Are free VPNs as secure as paid VPNs?

Are free services as secure as paid VPNs?
(Image credit: Marcus Spike)

If you choose the very best VPN, you can rely on the fact that you’ll get the most secure VPN experience, by hiding your IP address and using strong encryption to ensure your online data/activities remain as private and protected as possible.

With both paid and free services to choose from, you might want to save money with a free VPN yet wonder if it’s as secure and trustworthy as a paid one. In this article, we determine how safe free options really are.

Limited free services

A free service is the smaller, entry-level companion to a paid service. VPN providers (such as Hotspot Shield, Windscribe, and TunnelBear) offer limited free options in the hope you’ll upgrade to one of their paid plans.

As many of the best free options come from premium providers who make a profit through paid subscriptions (rather than through sneaky partnerships with advertisers), it means they’re unlikely to sell/share your data or have shoddy security and privacy infrastructures. If they did, nobody would want to upgrade to paid plans, which wouldn’t be commercially viable.

However, you should never take it for granted that a no-fee VPN is safe. Instead, make sure you do some background research to see how well known and reputable the VPN provider is. This includes checking whether it uses the strongest available encryption (AES 256-bit encryption).

Unlimited free services

An unlimited free service is a standalone VPN that apparently offers you everything a paid service does—but for free. It sounds too good to be true, and it is. What’s more, it might seriously compromise your online security and privacy.

Unlike a premium VPN provider, an these free options often turn a profit through advertising. As a user, this might mean you’re continuously confronted with lots of embedded pop-up ads, or automatically redirected to random (and potentially risky) third-party websites, without your consent.

In worse cases, these services might track your personal data and online activity, then sell it to advertisers and analytics companies for a profit. Worst of all, some might even come with concealed malware, which opens the door to hackers.

To add insult to injury, these services are likely to come with weak (or no) encryption. Furthermore, it might cause your internet to run slowly, and might not be able to unblock any geo-restricted content.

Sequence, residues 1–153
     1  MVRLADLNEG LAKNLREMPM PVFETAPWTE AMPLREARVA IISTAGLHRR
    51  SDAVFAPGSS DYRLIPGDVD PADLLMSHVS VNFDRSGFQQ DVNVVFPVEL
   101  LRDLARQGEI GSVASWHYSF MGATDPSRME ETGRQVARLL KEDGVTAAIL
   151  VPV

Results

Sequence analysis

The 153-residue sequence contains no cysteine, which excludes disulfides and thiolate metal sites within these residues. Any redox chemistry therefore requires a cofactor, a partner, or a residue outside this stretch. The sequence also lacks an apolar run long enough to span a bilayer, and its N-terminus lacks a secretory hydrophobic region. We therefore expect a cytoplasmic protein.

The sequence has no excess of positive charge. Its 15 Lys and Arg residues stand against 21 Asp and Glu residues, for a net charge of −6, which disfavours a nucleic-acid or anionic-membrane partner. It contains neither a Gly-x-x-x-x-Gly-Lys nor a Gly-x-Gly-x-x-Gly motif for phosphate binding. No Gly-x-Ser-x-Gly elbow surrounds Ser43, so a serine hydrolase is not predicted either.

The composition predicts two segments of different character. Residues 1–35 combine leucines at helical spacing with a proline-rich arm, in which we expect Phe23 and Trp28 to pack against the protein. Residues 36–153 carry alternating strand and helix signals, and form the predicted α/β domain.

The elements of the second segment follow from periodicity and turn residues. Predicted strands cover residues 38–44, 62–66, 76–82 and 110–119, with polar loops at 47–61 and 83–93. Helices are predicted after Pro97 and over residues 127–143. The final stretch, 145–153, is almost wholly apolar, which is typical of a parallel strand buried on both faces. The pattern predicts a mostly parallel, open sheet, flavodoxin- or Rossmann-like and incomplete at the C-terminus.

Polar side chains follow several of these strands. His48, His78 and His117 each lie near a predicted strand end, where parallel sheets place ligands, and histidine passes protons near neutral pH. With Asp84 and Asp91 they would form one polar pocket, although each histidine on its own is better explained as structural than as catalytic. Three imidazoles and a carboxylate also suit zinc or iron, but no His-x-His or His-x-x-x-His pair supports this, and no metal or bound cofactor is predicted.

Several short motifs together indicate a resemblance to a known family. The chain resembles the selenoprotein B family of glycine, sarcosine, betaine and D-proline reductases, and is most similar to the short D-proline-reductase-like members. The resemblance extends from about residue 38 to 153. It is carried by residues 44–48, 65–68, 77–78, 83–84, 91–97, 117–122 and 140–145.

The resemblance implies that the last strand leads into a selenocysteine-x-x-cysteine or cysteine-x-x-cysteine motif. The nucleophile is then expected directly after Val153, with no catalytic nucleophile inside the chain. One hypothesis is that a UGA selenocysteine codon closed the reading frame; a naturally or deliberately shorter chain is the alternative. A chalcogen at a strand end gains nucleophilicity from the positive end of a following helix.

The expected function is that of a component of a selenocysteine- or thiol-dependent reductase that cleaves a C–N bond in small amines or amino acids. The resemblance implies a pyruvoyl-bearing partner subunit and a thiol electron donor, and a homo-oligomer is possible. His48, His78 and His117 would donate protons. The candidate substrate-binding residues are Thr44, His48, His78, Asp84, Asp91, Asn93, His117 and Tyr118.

Overall, this type of free service undermines, in varying ways, the whole point of having a VPN. At best, it’s unsatisfactory and counter-productive; at worst, it poses a serious threat to your online security and privacy.

Are free services as secure as paid VPNs?

(Image credit: Yurchanka Siarhei/Shutterstock)

The security benefits of a paid service

Without doubt, the most secure type of VPN service is a paid one. Besides offering you much greater access to servers, server locations, geo-blocked content, and monthly data, a paid service will provide your internet traffic and personal data with a superior security network.

Firstly, you’re much more likely to get the strongest encryption (AES 256-bit encryption) with a paid service, as well as extra premium features—like a kill switch, which disconnects you from a network should your VPN unexpectedly stop working.

Secondly, most VPN providers offering paid services implement a no-logging policy, which means they won’t track your online activity, let alone share it with advertisers and/or analytics companies. Compared to unlimited free options, paid services (like those from ExpressVPN and NordVPN) are infinitely more trustworthy.

Bottom line

Ultimately, if you intend to extensively use a VPN, it’s much better to opt for a paid service. The idiom ‘you get what you pay for’ applies here.

With your online security and privacy at stake, a paid service is more likely to have good ethics on data handling, plus a robust security/privacy infrastructure. On the whole, it’s better to spend some money than take a risk with a free service—and particularly an unlimited one, which could pose serious threats to your personal online data.

That said, if you only want occasional, temporary VPN coverage for specific situations (e.g., if you need to momentarily connect to a public Wi-Fi network), then a no-fee VPN may do the job in a pinch.

What do we recommend?


ExpressVPN stands out from the competition in terms of price, features, and value. With servers in nearly 100 countries, all the security features we mention above, blazing connection speeds, and reliable access to multiple streaming services, ExpressVPN is an excellent choice for those after security with no compromises.

While some users may prefer certain features of other top VPNs, it’s the best overall option for most users – and now Tom’s Guide readers can claim three months absolutely free.

Liam Barker

Liam is a freelance content writer with two writing-based university degrees. He has accumulated knowledge in a variety of tech topics, including VPNs, antivirus products, cybersecurity, TV streaming, and popular apps. He also contributes to an arts and culture online magazine called Now Then, based in Manchester, England. In his spare time, he enjoys reading and writing poetry.